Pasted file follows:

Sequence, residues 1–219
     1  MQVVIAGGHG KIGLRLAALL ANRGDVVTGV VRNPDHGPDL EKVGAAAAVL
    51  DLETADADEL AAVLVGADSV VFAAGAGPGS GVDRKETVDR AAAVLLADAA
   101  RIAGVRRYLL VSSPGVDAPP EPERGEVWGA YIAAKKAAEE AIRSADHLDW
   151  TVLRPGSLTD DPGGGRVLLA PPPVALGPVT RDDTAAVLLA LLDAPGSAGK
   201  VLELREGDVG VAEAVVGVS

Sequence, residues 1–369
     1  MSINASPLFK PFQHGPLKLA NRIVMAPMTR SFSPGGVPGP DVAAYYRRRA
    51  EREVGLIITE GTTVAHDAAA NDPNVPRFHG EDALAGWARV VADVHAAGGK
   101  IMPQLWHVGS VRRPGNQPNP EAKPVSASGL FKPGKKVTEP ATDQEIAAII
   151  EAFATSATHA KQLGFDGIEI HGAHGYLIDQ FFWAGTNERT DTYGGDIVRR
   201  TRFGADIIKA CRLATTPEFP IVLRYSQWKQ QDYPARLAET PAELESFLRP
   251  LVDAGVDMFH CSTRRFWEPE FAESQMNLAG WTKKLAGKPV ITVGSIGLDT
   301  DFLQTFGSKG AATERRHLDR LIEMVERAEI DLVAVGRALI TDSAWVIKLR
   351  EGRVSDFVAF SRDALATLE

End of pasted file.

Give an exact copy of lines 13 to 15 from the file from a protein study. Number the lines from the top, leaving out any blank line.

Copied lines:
   251  LVDAGVDMFH CSTRRFWEPE FAESQMNLAG WTKKLAGKPV ITVGSIGLDT
   301  DFLQTFGSKG AATERRHLDR LIEMVERAEI DLVAVGRALI TDSAWVIKLR
   351  EGRVSDFVAF SRDALATLE